Again, both their duty and obsession are rendered pointless by the endings, regardless if you fulfil, betray or usurp your duty as the Ashen One - the world will decay eventually (as linking the fire doesn't stop the First Flame from fading anyway) or through your actions (either by letting the First Flame fade and the world return into a darkness without Disparity or whatever will happened once you take up the mantle of the Lord of Hollows). Unlike Dark Souls, there is however a case that can be made that the call for an Ashen One as a measure of last resort can be blamed on four of these five (Ludleth at least came willingly).
Now this idea of strong, destructive obsession is also present in the Bearers of the Great Souls in Dark Souls 2, especially at Bonefire Intensity 2+ when the Great Souls come with names that reference Dark Souls; although there seems to be an inversion of the original theme at play here. However this only exist a thematic through line for the series and is only tangentially related the story that is told through the locations across the critical path of Dark Souls 2 - many of the optional locations don't tie into this (don't ask me what the Executioner's Chariot is about
The ciritical path tells are more in-depth and coherent story: the tragedy of King Vendrick, the man who could not be link the fire, the king who could not be a Lord.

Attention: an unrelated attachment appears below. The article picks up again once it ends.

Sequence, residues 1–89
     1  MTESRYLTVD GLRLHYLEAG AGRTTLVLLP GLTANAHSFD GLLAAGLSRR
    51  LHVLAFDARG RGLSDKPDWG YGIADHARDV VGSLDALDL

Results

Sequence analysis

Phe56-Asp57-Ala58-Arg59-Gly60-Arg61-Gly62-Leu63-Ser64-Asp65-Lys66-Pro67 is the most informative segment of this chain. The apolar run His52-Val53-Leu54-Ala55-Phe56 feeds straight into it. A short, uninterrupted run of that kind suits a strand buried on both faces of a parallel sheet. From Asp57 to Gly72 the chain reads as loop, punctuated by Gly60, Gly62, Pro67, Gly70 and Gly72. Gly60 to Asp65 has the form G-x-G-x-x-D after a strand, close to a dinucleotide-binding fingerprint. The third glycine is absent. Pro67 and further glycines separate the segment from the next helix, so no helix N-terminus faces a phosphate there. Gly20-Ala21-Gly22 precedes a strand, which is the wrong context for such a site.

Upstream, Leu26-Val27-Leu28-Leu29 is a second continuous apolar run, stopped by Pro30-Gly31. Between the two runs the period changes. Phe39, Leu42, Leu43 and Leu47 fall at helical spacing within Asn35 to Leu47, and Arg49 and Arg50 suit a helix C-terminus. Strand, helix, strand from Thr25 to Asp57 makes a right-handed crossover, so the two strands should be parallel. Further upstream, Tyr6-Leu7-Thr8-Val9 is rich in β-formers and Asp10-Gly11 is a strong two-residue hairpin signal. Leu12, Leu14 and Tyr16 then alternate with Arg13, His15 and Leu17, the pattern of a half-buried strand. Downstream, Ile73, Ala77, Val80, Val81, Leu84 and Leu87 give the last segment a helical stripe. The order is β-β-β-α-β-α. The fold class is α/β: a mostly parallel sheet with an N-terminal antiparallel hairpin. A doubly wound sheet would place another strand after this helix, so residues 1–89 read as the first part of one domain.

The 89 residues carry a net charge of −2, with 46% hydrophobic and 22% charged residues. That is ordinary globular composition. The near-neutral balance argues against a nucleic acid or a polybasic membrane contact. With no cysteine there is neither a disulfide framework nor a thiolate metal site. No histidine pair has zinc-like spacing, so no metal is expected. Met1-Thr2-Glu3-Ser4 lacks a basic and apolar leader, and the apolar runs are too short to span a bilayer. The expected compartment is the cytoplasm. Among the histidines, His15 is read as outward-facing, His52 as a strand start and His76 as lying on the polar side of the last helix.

From the Forest of the Fallen Giants (representing the both the rise and downfall of Drangleigh as a kingdom) to the confrontation at the Throne of Want, the story is one of ambition to conquer both a kingdom and the fated curse of that would come with the fading of the fire*:
*A big fan-theory here: During the events of Dark Souls 2 the threat to the First Flame is not that it has faded as far as in Dark Souls but the presence of Nashandra, which as daughter of the Abyss might snuff out the flame; this is what is calling your Undead to Drangleigh not the immediate need for a new Lord of Cinder.
Vendrick and Aldia tried to prevent the Undead Curse by many means, including trying to recreate an Eternal Dragon and creation of the Emerald Herald. Like al l candidates to be Lords of Cinder of their age they attracted a daughter of the Abyss, Nashandra. Vendrick fell in love with Nashandra and with her help he found the location of the Throne of Want and build a castle there.
Eventually despite his love for her Vendric was able to detect Nashandra's true nature; and faced the crushing truth that he could not claim the Throne of Want (and with it the possible solution to the Curse), Vendrick chose to sequester himself in the Undead Crypt. His isolation guaranteed by his knights, he turned into a mindless Hollow.
Thanks to the more linear approach to how you progress (checking off one location to gain access to another, thank you Fragrant Branch of Yore), the story unfolds naturally - even though you have to do some exploring and reading of item descriptions for that (and you may also miss informative encounters, like returning to the Undead Crypt with the Ashen Mist Heart). On top of that if you put all the pieces together, the story has tangible stakes and plays into theme of an inevitable fall without denying the agency of the characters involved (e.g. Vendrick becomes a Hollow because he choses to, not because he was always going to be) - which is helped by the ambiguous nature of the ending (or both endings, if you are playing Scholar).